Using substantially the process of U.S. Pat. No. 6,180,357, the mouse monoclonal antibody H460-16-2 was obtained following immunization of mice with cells from both a patient's lung tumor biopsy and the NCI-H460 lung cancer cell line. The H460-16-2 antigen was expressed on the cell surface of a broad range of human cell lines from different tissue origins. The breast cancer cell line MDA-MB-231 and skin cancer cell line A2058 were susceptible to the cytotoxic effects of H460-16-2 in vitro.
The result of H460-16-2 cytotoxicity against MDA-MB-231 cells in culture was further extended by its anti-tumor activity towards these cancer cells when transplanted into mice (as disclosed in Ser. No. 10/603,000). Pre-clinical xenograft tumor models are considered valid predictors of therapeutic efficacy.
In the preventative in vivo model of human breast cancer, H460-16-2 treatment was significantly (p<0.0001) more effective in suppressing tumor growth during the treatment period than an isotype control antibody. At the end of the treatment phase, mice given H460-16-2 had tumors that grew to only 1.3 percent of the control group. During the post treatment follow-up period, the treatment effects of H460-16-2 were sustained and the mean tumor volume in the treated groups continued to be significantly smaller than controls until the end of the measurement phase. Using survival as a measure of antibody efficacy, it was estimated that the risk of dying in the H460-16-2 treatment group was about 71 percent of the antibody buffer control group (p=0.028) at 70 days post-treatment. These data demonstrated that H40-16-2 treatment conferred a survival benefit compared to the control-treated groups. H460-16-2 treatment appeared safe, as it did not induce any signs of toxicity, including reduced body weight and clinical distress. Thus, H460-16-2 treatment was efficacious as it both delayed tumor growth and enhanced survival compared to the control-treated groups in a well-established model of human breast cancer.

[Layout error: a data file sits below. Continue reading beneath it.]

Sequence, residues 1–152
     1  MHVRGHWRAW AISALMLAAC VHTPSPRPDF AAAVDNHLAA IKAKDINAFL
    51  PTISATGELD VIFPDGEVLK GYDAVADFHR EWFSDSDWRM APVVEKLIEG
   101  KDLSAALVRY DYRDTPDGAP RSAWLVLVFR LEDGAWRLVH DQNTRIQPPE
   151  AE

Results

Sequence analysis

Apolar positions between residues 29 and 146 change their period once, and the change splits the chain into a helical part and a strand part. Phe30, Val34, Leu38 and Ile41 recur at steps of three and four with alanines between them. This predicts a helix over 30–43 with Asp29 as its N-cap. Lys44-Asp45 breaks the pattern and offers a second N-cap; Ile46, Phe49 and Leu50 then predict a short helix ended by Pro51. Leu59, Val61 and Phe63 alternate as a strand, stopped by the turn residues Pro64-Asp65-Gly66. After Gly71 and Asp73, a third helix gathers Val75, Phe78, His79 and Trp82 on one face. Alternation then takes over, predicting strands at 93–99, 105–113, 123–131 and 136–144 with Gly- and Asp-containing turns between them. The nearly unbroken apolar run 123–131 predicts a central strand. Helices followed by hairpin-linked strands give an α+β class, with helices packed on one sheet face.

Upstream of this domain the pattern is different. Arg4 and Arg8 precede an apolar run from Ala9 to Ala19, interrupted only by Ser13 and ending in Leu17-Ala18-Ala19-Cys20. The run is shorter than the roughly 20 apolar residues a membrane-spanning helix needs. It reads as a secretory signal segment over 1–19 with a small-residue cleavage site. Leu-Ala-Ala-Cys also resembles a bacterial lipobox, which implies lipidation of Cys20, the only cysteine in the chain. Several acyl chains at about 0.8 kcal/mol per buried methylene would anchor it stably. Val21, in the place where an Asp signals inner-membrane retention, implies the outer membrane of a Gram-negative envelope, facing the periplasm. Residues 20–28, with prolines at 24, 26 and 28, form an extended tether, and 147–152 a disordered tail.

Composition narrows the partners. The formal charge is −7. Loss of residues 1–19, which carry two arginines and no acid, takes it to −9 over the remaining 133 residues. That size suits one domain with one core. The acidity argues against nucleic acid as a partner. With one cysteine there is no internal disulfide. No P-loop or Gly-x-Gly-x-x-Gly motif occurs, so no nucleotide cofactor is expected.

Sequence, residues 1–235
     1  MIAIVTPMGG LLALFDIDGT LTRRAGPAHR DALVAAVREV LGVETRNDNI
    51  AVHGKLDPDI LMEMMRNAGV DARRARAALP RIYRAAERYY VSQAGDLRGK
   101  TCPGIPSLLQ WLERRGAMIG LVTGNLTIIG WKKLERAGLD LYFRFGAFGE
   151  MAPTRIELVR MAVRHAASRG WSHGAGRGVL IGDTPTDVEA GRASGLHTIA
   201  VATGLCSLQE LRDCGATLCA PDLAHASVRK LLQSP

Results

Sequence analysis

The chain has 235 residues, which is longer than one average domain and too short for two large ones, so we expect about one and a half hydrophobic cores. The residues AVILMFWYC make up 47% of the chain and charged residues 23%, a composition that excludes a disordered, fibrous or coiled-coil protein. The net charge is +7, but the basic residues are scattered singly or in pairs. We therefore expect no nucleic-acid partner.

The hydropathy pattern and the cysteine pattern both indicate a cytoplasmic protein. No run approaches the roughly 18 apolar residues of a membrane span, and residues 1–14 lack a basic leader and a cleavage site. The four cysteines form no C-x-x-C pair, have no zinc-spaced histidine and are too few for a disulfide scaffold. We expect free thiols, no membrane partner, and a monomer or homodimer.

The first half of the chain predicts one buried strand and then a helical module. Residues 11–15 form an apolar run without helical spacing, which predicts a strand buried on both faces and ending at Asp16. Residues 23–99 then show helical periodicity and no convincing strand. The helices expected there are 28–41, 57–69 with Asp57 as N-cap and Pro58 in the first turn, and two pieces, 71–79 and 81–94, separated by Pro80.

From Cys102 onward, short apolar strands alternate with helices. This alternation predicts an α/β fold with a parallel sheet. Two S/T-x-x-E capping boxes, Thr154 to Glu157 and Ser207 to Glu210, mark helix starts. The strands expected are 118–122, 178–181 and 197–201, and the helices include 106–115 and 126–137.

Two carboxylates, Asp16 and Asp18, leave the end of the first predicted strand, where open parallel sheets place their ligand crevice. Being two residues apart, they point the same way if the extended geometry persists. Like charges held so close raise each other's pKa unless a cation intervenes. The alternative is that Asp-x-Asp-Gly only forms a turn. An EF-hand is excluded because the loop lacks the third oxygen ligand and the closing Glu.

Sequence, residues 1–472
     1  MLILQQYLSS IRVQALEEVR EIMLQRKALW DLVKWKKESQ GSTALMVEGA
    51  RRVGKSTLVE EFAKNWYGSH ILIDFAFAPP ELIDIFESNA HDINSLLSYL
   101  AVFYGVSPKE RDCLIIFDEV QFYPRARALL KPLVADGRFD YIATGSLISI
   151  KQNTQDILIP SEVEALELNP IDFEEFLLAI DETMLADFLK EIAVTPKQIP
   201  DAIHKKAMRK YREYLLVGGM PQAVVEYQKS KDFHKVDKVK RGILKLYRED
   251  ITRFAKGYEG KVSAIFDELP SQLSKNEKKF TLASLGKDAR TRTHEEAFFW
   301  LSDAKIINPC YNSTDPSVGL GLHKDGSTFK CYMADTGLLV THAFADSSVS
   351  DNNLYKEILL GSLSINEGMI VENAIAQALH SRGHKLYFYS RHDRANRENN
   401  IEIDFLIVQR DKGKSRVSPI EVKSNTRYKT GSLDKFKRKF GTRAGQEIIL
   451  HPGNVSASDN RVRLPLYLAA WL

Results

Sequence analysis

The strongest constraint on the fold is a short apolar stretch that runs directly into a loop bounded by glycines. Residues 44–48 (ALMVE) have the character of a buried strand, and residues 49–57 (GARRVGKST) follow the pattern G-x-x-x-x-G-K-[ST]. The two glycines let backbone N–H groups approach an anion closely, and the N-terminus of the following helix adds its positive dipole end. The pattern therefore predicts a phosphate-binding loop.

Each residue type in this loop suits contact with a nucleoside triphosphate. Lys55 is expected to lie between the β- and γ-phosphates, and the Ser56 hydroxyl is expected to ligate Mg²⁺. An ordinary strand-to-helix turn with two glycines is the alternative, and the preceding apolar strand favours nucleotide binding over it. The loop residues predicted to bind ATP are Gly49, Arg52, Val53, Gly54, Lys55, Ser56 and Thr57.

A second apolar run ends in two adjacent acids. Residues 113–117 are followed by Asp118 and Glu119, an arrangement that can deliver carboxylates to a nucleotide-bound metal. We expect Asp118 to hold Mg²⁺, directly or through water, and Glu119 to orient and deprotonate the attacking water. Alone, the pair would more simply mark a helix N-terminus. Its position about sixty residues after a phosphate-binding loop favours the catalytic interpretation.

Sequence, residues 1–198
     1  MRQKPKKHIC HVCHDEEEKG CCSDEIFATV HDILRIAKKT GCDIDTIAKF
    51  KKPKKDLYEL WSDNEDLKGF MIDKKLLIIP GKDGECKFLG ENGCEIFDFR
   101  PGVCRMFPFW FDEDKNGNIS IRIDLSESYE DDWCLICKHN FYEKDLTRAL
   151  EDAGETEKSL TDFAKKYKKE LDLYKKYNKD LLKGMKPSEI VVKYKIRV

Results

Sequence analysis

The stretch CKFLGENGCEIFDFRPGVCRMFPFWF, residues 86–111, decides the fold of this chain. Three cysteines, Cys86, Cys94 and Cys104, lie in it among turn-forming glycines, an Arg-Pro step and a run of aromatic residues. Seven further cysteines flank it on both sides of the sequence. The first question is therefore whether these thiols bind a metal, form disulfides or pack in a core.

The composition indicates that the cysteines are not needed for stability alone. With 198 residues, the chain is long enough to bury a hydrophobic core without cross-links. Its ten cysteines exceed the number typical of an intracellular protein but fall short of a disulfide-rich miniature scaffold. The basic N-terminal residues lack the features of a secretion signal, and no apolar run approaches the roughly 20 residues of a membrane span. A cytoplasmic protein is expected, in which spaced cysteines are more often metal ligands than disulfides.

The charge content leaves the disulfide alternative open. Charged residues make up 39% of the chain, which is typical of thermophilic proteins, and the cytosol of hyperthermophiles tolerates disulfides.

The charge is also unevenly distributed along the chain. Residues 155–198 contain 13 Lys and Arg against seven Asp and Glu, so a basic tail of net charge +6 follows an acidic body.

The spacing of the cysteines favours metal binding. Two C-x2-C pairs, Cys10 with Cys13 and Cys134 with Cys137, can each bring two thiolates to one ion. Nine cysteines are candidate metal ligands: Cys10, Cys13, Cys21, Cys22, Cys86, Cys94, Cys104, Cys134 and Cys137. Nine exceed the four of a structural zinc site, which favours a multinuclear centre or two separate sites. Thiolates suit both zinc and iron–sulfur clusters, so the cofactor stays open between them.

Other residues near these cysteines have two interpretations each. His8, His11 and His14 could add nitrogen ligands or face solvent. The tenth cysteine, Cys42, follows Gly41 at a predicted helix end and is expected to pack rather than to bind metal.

In addition, H460-16-2 demonstrated anti-tumor activity against MDA-MB-231 cells in an established in vivo tumor model (as disclosed in Ser. No. 10/603,000). Treatment with H460-16-2 was compared to the standard chemotherapeutic drug, Cisplatin, and it was shown that the Cisplatin and H460-16-2 treatment groups had significantly (p<0.001) smaller mean tumor volumes compared with groups treated with either antibody dilution buffer or the isotype control antibody. H460-16-2 treatment mediated tumor suppression that was approximately two-thirds that of Cisplatin chemotherapy but without the significant (19.2 percent) weight loss (p<0.003) and clinical distress, including 2 treatment-associated deaths, that was observed with Cisplatin treatment. The anti-tumor activity of H460-16-2 and its minimal toxicity make it an attractive anti-cancer therapeutic agent.